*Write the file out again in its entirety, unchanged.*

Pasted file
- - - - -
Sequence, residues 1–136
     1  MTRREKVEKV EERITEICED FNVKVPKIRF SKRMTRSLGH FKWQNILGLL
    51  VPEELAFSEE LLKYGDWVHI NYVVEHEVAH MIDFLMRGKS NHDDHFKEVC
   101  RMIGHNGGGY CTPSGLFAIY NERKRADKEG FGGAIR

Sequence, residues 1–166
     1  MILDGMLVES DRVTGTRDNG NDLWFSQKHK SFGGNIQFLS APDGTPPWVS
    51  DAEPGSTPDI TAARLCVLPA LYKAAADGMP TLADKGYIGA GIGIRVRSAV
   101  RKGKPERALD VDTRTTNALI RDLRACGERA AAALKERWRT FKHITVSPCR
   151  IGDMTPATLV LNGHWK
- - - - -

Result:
Sequence, residues 1–136
     1  MTRREKVEKV EERITEICED FNVKVPKIRF SKRMTRSLGH FKWQNILGLL
    51  VPEELAFSEE LLKYGDWVHI NYVVEHEVAH MIDFLMRGKS NHDDHFKEVC
   101  RMIGHNGGGY CTPSGLFAIY NERKRADKEG FGGAIR

Sequence, residues 1–166
     1  MILDGMLVES DRVTGTRDNG NDLWFSQKHK SFGGNIQFLS APDGTPPWVS
    51  DAEPGSTPDI TAARLCVLPA LYKAAADGMP TLADKGYIGA GIGIRVRSAV
   101  RKGKPERALD VDTRTTNALI RDLRACGERA AAALKERWRT FKHITVSPCR
   151  IGDMTPATLV LNGHWK